I remember childhood summers spent at my grandparents house…lounging in the kitchen on warm afternoons, sipping Yoo-Hoo’s, eating Twinkies, and listening to the ever-so-loud classic radio shows blasting through the AM channels. Granted, I’m a child of the 1980′s, not the 1940′s, so this may seem a bit antiquated. At the time I was probably wishing for the Top 40 tunes of Madonna and Prince, but now that I’m older and wiser, I look back on those hazy dog-days of summer and feel a twinge of nostalgia.
That nostalgia was brought back in full force Monday evening when I sawGotham Radio Theatre’s performance “Redheads and Bohemians“. An original radio play by Sydnie Grosberg Ronga, “Redheads and Bohemians” is based on the “Adventures of Sherlock Holmes” books by Sir Arthur Conan Doyle. Sydnie brilliantly weaved together two Sherlock classics: “The Redheaded League” and “A Scandal in Bohemia” to create a mysterious story that’s one part deception, one part humor, with a (large) side of scandal. The story goes a little something like this: Two clients, a redheaded man and a royal Bohemian, lead Mr. Holmes to match his wits with two opponents: the first, the fourth smartest man in all of London, and the second, a woman Mr. Holmes will never forget. It’s all in an evening’s work for Mr. Holmes, or, as he famously says, “Elementary, my dear Watson”.
The show has a unique twist in that the actors and actresses playing the characters in the Sherlock Holmes saga are actually being performed as fictional 1940′s stage and screen stars…making the performance a bit of a “show within a show”. In the program, for example, you have the bio of the 1940′s cast alongside the 2012 cast. Our dashing Sherlock Holmes is played by Charles Napier (who is really played by J.T. O’Connor). Brilliant comedic twist? I think yes!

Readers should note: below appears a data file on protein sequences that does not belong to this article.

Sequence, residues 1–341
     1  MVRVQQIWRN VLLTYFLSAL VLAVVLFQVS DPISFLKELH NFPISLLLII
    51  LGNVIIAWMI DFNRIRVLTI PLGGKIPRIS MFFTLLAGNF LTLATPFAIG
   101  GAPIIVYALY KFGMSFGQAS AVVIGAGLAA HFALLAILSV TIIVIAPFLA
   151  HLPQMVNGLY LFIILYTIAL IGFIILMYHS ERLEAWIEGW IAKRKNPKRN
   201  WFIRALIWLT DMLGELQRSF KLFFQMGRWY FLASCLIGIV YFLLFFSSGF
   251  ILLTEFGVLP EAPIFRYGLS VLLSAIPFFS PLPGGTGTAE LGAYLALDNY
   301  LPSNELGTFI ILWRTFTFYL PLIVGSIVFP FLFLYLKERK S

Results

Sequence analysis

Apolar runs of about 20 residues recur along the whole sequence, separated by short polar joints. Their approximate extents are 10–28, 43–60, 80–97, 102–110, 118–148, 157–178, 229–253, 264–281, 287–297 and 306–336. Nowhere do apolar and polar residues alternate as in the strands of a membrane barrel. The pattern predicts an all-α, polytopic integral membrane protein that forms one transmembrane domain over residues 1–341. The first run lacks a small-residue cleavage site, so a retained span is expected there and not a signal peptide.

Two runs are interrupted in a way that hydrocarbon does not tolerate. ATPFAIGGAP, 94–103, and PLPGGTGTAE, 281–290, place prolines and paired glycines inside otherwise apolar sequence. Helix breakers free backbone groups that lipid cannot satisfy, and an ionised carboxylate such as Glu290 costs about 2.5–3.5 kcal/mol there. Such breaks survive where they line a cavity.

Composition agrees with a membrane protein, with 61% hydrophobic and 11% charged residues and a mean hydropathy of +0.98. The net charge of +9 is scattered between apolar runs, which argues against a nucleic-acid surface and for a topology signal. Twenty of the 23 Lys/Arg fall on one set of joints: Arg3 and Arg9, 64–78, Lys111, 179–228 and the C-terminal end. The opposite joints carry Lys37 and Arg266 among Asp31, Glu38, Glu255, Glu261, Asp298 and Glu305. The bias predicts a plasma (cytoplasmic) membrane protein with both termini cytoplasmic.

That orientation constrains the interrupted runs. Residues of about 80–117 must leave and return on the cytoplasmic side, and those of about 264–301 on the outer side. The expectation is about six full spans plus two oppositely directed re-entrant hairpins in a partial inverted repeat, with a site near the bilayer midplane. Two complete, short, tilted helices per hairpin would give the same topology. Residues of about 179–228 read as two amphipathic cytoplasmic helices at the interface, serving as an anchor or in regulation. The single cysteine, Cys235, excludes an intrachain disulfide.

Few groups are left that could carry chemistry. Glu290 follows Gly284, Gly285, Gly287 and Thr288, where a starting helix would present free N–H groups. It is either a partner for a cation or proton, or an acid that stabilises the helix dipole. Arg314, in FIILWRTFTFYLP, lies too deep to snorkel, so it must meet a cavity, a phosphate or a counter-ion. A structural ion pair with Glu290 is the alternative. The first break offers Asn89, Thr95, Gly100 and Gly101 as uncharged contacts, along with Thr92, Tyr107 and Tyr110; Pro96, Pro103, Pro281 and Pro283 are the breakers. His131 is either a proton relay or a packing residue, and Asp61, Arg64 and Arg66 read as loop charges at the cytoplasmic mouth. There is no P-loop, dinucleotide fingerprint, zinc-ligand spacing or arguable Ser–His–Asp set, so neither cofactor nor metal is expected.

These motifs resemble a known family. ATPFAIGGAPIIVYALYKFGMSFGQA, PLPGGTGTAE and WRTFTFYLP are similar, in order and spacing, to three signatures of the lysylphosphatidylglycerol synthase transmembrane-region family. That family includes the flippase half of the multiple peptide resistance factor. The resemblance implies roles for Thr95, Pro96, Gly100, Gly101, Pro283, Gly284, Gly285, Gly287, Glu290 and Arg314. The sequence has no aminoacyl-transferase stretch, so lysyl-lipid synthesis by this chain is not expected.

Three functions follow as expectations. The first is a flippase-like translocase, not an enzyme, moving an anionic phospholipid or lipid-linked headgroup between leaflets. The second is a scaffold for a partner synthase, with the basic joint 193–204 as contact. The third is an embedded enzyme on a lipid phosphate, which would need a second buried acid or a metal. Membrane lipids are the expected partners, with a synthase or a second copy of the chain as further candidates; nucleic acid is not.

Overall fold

Tale of intrigue aside, the part of Gotham Radio Theatre that always leaves me pleased as punch is the live sound effects. The talented Jill Ahrold was the sound effects actor for this performance. Between her perfectly timed foley (tea pouring, silverware rattling, horses trotting off into the distance) and her hysterical facial expressions, I was reassured that as long as Gotham Radio Theatre is around, there will always be a place where theater will reside first and foremost as an art form. And in a time when Spiderman has dominated the Great White Way and the average Broadway ticket price is more than your monthly Con-Ed bill, it’s nice to know that there are actors and actresses out there who put their heart and soul into the show, simply because it’s what they love more than anything. I guess that’s what my grandparents were trying to instill in me when they opted for vintage radio classics over Madonna. And for that, I thank them.
By: Jessica Tiare Bowen